So, our hyperlinks. Now, our hyperlinks probably isn’t going to a huge departure from what we’re used to doing. Most of us typically highlight the content that we want to become a hyperlink, and then we right-click it and use the Select Hyperlink function. When we do that, this little Insert Hyperlink box pops up, and when that does, there’s two areas where we have the opportunity to effect the information in there. Either the text to display, or the address. Obviously, text to display is what’s going to be displayed in your document, and the address is the link to which you’re sending your reader to.
For Section 508 compliance, we do require that the full URL be spelled out, unless we use ScreenTips, and I’ll talk about ScreenTips in just a second. So, if you can envision a time you’ve been on a webpage, or a big document, things like that and there’s big section of, “Click here for more information. Click here for more information.” If there’s few of those on the screen, you can imagine what that would look like, or sound like, to somebody who’s listening to that via a screen reader. That’s just going to be a, “Click here for more information. Click here for more information. Click here for more information. Click here for more information.” It’s pretty much unusable, is really what it becomes. We really want to make sure that we’re utilizing the entire URL on-screen, where appropriate. In addition to folks with vision disabilities, if somebody happens to have paper copy of your document, there would be no way for them to access that information, either. So, by having it spelled out in its entirety would allow somebody to be able to access that even from a printed copy of that.
It’s not always ideal to have all of our URL’s written out on screen. So, I’m going to point out what a ScreenTip is, but I always recommend using a bit of caution and not using these abundantly, but a ScreenTip is ostensibly an alternative text for words, on a screen. So, if you’ve ever held your mouse over one of those areas that says, “Click here for more information.” And a link pops up, that link that you see there is our ScreenTip. So the ScreenTip will actually read that whole URL out to an individual, so we definitely want to use the ScreenTips, if you need to. Just click that ScreenTip box up in the upper right-hand corner, the Set Hyperlink ScreenTip will come up. My usual recommendation to fall within 140 characters is to not have it leave that line. Try your best to keep it in that line. Sometimes long URL’s, there’s no way we can do anything about it.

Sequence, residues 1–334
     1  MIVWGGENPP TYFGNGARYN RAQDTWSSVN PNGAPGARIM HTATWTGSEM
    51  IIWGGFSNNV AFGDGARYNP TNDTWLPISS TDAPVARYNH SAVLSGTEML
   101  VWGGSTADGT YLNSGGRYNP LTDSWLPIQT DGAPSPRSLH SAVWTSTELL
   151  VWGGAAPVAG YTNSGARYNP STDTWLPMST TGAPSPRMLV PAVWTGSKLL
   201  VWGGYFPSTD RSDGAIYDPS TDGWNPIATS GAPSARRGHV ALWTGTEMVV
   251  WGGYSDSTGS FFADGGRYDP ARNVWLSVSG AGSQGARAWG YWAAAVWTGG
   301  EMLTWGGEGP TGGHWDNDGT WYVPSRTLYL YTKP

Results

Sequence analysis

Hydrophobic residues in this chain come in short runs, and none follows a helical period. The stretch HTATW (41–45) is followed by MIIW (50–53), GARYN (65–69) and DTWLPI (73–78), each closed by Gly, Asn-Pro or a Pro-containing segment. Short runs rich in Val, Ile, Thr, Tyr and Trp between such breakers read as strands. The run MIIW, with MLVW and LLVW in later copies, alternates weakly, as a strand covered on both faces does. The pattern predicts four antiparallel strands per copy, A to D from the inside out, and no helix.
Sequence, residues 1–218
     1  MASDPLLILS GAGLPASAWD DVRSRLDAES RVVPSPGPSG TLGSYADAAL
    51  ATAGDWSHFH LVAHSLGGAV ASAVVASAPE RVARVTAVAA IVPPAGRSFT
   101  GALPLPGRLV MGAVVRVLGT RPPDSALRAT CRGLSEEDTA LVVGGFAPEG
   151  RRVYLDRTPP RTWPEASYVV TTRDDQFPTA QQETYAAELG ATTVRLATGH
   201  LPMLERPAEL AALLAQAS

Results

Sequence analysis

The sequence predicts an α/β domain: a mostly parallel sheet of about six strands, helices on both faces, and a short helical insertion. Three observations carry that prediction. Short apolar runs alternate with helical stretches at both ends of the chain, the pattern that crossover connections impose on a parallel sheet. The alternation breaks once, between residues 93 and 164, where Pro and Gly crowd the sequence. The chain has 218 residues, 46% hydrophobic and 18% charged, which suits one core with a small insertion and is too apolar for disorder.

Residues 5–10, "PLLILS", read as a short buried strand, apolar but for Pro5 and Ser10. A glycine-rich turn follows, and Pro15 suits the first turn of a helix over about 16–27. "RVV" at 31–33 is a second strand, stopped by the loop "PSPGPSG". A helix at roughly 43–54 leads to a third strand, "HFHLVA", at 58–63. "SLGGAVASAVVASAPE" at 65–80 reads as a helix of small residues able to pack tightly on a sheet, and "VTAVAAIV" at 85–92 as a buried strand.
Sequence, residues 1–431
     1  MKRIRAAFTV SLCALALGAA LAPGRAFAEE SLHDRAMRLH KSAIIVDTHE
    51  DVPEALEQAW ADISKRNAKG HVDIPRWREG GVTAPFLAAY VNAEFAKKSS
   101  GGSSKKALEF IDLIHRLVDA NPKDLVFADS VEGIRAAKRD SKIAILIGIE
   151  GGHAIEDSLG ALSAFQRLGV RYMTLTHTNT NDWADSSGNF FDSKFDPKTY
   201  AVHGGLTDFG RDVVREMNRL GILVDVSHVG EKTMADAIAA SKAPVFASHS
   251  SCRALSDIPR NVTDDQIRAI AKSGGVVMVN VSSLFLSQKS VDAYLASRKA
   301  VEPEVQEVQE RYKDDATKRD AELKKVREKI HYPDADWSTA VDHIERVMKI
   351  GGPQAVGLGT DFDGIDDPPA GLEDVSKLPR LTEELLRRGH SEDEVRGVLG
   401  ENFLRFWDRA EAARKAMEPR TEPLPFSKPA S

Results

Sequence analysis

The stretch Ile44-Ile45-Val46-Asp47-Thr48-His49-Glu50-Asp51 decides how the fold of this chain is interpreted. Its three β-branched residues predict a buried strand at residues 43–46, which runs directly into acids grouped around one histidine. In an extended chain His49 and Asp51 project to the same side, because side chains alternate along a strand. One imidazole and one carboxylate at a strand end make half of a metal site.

So, Lists. Lists is another example of what we can use the Insert function for. We know that Lists can either be bullets or they could be numbers. Either way, we want to utilize that Insert function in there. Because again, once we put those bullets in front, or we put those numbers in front there, what we’re doing is we are grouping that information together visually, so we need to make sure that we’re accurately representing that. But, this is also a good spot for us to do a mid-term accessibility check. Because what you’ll find, is that if you use that function there without the bullets or the numbers, as you start typing, your List Paragraph box will suddenly be engaged. And, that says to us, that we now have absolutely applied that same List tag, underneath, to the Assistive Technology, and it means we know it’s working.
So, as long as the appropriate styles are showing up for the appropriate type of content, then we know what we’re doing is at least working, for right now.
So, we went through and we addressed all of our big issues, not issues, excuses me. Things like Images, Tables, Hyperlinks, all of that stuff. Now we need to think about our color. And, color is something I don’t think a lot of us put too much thought into, other than whether or not we like a particular color. But, color has a lot of different aspects, especially when it comes to 508 compliance. What I mean by that is, you really don’t ever want to use color alone, to convey any kind of message, right? Let’s take a look at an example of something that we, most of us, as sighted individuals, have encountered before.
So, the traffic light is absolutely designed to convey a message with solely color. Those of us that pull up to it, we know that we can see red, a yellow, or green light that’s up there. If somebody were blind, or had difficulty seeing, I hope they’re not driving, but they are not going to be able to access the information that’s there, and the same is true with our documents. So, we’re going to need to capture that information, in some other way. So, that way we can convey that red means stop, yellow means caution, and green means go. So, let’s take a look at this in something maybe we might be using, right?